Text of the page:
Both approaches have their advantages, in Europe I can use my digital mobile phone almost anywhere, keeping the same phone number. In the US there's relatively little mobile coverage, it mostly analogue and you often need a different phone / account / SIM / number for each geographic region.

BTW: I just accessed MSN with Netscape 4.77 and it worked fine. I have been a dedicated Netscape user since 1996, but recently changed to IE5.5 because its better - sorry Netscape, I hate to admit it, but its true. NS6 looks good, but needs a big performance boost.

Re: Microsoft uses standards to excuse blocking browsers from (Tim Guseynov - 07:46, 26 Oct 2001)

I support this Microsoft action. Though I have to admit that from the marketing pragamtical viewpoint this step may be dangerous for the corporation. Still, being a web programmer I'm damned tyred of those idiots from Netscape who constantly neglect the industry standards.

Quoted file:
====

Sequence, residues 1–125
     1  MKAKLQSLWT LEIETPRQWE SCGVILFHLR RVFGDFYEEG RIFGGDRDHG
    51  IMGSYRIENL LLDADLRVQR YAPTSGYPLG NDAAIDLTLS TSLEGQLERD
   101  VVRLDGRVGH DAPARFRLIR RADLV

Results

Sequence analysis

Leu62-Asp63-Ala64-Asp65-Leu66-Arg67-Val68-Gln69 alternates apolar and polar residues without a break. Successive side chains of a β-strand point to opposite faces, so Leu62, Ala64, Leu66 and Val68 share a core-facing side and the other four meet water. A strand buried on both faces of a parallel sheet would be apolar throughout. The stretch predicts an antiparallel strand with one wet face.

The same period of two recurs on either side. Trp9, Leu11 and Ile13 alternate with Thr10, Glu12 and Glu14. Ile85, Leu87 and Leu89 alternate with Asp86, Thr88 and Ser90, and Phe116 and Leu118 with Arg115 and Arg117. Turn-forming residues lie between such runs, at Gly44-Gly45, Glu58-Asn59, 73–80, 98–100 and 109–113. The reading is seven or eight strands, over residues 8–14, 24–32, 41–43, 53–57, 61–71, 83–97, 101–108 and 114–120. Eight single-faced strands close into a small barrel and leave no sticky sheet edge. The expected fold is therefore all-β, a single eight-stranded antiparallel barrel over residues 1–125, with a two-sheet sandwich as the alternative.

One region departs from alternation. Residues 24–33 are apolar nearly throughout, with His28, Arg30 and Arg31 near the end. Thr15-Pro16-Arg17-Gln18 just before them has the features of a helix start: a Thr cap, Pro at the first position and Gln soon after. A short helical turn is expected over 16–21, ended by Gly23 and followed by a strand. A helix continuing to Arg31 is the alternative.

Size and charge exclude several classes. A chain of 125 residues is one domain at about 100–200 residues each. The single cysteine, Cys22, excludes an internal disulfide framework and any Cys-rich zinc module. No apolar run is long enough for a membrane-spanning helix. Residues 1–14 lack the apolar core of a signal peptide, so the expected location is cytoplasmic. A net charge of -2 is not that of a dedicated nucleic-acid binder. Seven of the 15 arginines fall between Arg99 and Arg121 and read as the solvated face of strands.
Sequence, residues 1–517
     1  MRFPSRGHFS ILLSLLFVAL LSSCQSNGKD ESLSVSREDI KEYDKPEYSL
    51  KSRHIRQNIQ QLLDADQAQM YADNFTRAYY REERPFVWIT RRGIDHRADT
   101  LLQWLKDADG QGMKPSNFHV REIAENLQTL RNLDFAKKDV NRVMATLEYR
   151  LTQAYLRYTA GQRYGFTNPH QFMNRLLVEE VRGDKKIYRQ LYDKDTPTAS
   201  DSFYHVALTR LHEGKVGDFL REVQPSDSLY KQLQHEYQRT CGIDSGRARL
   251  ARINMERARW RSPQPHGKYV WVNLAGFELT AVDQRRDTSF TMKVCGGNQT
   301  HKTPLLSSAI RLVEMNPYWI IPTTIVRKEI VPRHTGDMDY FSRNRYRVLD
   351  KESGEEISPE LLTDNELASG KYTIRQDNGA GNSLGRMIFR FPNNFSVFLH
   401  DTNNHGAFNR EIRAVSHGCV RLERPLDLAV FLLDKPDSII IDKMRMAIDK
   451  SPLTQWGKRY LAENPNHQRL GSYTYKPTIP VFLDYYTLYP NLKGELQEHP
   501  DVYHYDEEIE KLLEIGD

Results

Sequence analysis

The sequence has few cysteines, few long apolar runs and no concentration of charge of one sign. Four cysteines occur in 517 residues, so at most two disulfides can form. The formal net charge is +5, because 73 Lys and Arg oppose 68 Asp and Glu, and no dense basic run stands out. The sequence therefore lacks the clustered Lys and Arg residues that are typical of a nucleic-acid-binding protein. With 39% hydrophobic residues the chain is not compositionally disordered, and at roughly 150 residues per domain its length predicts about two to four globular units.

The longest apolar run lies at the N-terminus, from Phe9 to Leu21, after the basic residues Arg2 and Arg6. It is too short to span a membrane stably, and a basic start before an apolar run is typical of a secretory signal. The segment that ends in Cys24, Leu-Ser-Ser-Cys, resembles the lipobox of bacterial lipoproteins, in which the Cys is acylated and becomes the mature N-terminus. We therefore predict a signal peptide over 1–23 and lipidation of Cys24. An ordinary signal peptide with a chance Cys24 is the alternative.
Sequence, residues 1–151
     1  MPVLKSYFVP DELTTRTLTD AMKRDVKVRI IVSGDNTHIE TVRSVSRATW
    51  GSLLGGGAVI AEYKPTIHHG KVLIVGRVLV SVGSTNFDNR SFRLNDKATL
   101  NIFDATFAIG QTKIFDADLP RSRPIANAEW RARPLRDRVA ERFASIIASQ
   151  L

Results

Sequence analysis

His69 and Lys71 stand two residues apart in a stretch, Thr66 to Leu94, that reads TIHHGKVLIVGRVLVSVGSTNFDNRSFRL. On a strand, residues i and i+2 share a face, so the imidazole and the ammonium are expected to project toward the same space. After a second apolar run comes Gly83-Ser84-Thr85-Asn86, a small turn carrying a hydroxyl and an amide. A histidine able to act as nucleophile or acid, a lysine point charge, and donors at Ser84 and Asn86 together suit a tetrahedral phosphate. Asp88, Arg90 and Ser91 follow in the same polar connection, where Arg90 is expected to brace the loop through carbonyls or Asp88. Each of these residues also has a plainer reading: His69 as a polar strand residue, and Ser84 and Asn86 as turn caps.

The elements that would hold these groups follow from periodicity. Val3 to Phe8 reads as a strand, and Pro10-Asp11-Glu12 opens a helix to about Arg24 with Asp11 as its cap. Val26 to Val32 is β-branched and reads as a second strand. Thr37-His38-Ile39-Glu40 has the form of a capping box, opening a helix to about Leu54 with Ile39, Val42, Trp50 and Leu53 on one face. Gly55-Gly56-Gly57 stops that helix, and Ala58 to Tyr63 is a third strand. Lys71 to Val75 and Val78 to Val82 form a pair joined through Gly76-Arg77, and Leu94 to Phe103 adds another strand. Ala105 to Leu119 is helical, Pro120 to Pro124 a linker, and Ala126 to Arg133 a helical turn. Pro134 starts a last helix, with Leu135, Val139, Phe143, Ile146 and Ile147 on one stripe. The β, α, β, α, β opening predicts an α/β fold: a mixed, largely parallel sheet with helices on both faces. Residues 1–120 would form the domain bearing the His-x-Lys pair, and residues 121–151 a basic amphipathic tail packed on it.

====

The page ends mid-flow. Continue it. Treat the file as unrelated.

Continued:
Re: Microsoft uses standards to excuse blocking browsers from (Simon Waddington - 00:39, 26 Oct 2001)

That's a shame and shortsighted. Yes XHTML is definitely a good step forward, but the Internet and Web community has always embraced and relied on backward compatibility as a necessity. Many companies simply cannot afford the instability introduced by enforced and frequent upgrades.

Someone should have told the genius at Microsoft that some of their latest browsers don't even support XHTML - like their Pocket Internet Explorer. I just tried it on an HP Journada PocketPC and got the same "upgrade required" message.

I think they could have found many more productive ways to promote and help along the transition to XHTML rather than attempt the big stick method.

Re: Microsoft uses standards to excuse blocking browsers from (Yevgeniy - 23:44, 25 Oct 2001)

Someone posted this link recently on the XSL-List. I think it's a good place to give some feedback ;)